Let and be two vectors in . In the last post we showed that and generate (as an abelian group under , or a -module) iff the parallelogram determined by them has unit area.

Define a *lattice polygon* to be a polygon whose vertices are lattice points, i.e. points in . Note that and generate iff the parallelogram determined by them contains no further lattice points. (In the language of groups, iff the quotient is trivial.) Hence:

**Lemma 1.** A lattice parallelogram has unit area iff it contains no further lattice points.

This can also be phrased in terms of lattice triangles:

**Lemma 2. **A lattice triangle has area iff it contains no further lattice points.

Call such triangles *elementary*. We can use lemma 2 to prove Pick’s theorem:

**Theorem (Pick).** A lattice polygon has area , where and are the number of interior and boundary lattice points respectively.

*Proof.* Triangulate the polygon into elementary triangles, then induct on the number of elementary triangles. (If the polygon can be triangulated into and also into elementary triangles, then its area by lemma 2 is which shows that the number is well-defined.)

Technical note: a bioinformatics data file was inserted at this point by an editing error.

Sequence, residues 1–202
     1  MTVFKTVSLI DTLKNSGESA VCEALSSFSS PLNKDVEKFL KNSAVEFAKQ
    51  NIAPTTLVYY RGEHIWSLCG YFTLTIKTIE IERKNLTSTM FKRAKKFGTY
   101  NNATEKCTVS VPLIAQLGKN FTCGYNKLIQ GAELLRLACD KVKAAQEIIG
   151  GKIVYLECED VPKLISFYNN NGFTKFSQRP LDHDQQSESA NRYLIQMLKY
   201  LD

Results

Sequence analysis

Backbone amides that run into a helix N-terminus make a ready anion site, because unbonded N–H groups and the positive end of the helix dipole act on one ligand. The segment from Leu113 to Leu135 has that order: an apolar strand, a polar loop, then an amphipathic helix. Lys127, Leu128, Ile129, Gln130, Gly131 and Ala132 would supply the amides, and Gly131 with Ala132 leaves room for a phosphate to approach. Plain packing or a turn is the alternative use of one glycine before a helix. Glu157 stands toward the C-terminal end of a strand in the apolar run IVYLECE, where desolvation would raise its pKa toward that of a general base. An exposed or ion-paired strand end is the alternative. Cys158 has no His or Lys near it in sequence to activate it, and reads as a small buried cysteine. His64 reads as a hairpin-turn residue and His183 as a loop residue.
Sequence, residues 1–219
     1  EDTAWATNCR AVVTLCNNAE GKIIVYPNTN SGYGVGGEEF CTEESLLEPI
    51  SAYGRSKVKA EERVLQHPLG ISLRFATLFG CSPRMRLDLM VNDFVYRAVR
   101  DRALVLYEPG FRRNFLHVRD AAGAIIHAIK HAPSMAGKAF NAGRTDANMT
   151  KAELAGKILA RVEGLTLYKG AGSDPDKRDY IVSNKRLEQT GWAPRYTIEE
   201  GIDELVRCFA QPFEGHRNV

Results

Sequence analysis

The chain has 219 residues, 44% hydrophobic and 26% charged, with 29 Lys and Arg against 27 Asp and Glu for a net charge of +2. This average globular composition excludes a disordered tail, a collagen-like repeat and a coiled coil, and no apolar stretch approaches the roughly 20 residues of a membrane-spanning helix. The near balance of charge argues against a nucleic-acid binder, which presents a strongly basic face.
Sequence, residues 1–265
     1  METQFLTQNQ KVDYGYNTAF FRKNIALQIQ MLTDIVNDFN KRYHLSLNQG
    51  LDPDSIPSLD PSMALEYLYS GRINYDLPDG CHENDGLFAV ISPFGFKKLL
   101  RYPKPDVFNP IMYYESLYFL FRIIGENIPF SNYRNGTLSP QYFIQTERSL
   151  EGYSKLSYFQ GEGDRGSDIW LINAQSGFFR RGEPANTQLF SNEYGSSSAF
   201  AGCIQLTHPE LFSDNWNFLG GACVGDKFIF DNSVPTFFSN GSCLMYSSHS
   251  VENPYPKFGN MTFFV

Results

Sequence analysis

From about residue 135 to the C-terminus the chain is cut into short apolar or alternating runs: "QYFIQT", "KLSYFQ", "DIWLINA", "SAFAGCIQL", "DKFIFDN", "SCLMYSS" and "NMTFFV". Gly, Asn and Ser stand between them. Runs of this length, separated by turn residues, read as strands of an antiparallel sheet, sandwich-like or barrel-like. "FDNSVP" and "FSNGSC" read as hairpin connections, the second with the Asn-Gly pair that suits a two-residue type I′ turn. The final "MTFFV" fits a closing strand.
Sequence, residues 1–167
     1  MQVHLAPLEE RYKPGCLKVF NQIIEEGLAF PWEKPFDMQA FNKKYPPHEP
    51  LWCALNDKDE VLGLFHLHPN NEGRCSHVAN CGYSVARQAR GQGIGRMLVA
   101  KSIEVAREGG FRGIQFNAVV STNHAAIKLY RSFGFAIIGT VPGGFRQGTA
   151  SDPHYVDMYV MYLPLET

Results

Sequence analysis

Consider an elementary triangle on the boundary. There are two possibilities:

- All three vertices lie on the boundary. In this case deletion of the triangle reduces by and keeps fixed. By the induction hypothesis the new polygon has area , and so the area of the original polygon is .
- One of the vertices is an interior point. Then deletion of the triangle increases by , but reduces by . Hence by the induction hypothesis the new polygon has area , and so the area of the original polygon is .

Finally, the base case follows from lemma 2. Hence the proof is complete.

**Corollary.** In any triangulation of a lattice polygon into elementary triangles, the number of elementary triangles is .

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